SCORING SYSTEM/TOOL
- Opacity:
Using an opacitometer
The average change in opacity during exposure is determined. It is corrected by subtracting the average negative control value from values in positive control and test item.
- Permeability:
Using a spectrophotometer: optical density (OD) at 490 nm wavelength
The optical density is corrected by subtracting the average negative control value from values in positive control and test item.
- Scoring:
In vitro irritancy score (IVIS) = Corrected Opacity + (15 x Corrected OD)

Interpretation: see below

Results and discussion

Results of ex vivo / in vitro study
Irritation parameter:
in vitro irritation score
Run / experiment:
test
Value:
-1
Vehicle controls valid:
yes
Negative controls valid:
not examined
Positive controls valid:
yes
Remarks on result:
no indication of irritation
Other effects / acceptance of results:
Macroscopic examinations : No notable opaque spots or irregularities were observed on test item-treated corneas following the treatment.
In Vitro Irritancy Score : The In Vitro Irritancy Score (IVIS) was: -1.
All acceptance criteria were fulfilled. The study was therefore considered as valid.
Other effects:
no

Applicant's summary and conclusion

Interpretation of results:
GHS criteria not met
Conclusions:
Under the experimental conditions of this study, the test item was identified as a test chemical not requiring classification for eye irritation or serious eye damage.
Executive summary:

The objective of this study was to evaluate the eye hazard potential of the test item. Indeed, the Bovine Corneal Opacity and Permeability (BCOP) test method can identify chemicals inducing serious eye damage and chemicals not requiring classification for eye irritation or serious eye damage.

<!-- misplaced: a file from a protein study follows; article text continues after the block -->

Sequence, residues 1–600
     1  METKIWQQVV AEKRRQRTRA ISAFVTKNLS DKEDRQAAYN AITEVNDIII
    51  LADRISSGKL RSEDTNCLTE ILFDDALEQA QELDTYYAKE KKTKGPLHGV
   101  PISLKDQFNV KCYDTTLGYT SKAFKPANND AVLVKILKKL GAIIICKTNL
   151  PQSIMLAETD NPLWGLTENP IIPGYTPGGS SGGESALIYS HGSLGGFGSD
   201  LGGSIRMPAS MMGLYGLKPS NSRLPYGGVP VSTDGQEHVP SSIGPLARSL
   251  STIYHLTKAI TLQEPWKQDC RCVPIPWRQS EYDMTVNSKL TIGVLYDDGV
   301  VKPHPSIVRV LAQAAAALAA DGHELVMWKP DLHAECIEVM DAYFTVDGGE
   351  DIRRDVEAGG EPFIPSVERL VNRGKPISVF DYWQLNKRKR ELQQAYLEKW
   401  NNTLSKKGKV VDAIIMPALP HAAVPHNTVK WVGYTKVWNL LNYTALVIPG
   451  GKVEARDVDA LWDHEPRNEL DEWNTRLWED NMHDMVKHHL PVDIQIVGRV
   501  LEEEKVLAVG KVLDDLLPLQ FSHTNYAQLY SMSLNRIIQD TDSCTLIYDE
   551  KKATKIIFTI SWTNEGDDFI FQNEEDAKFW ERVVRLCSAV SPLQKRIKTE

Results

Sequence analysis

The study design was based on the OECD guideline No. 437 and was performed in compliance with CiToxLAB France’s standard operating procedures and with the principles of Good Laboratory Practice.

Method

Corneas obtained from freshly slaughtered calves were mounted in corneal holders. Both chambers of the corneal holder were filled with complemented MEM culture media (cMEM) and pre-incubated for 1 hour and 5 minutes (± 5 minutes) at +32°C.

Three corneas were used for each treated series (test item, positive control and negative control).

Before the treatment, a first opacity measurement was performed using an opacitometer.

The test item was tested undiluted (i.e. in its original form) in a single experiment using a treatment time of 10 minutes and using the closed-chamber method. At the completion of the treatment period, the test and control items were removed from the front opening of the anterior chamber and the corneas were rinsed. The corneas were then incubated for 2 hours at +32°C before a second opacity measurement was performed. After the second opacity measurement, the medium of the anterior chamber was removed for each cornea and filled with a fluoresceine solution. The holders were then incubated vertically for 90 minutes at +32°C.

At the end of the incubation, the optical density of the solution from the posterior chamber of each holder was measured in order to determine the permeability of the cornea. Then the cornea was observed for opaque spots and other irregularities.

Results

Macroscopic examinations

No notable opaque spots or irregularities were observed on test item-treated corneas following the treatment.

 

In Vitro Irritancy Score

All acceptance criteria were fulfilled. The study was therefore considered as valid.

The In Vitro Irritancy Score (IVIS) was: -1. As the test item induced an IVIS = 3, the test item was considered as a test chemical not requiring classification for eye irritation or serious eye damage (UN GHS No Category). 

Conclusion

Under the experimental conditions of this study, the test item was identified as a test chemical not requiring classification for eye irritation or serious eye damage (UN GHS No Category).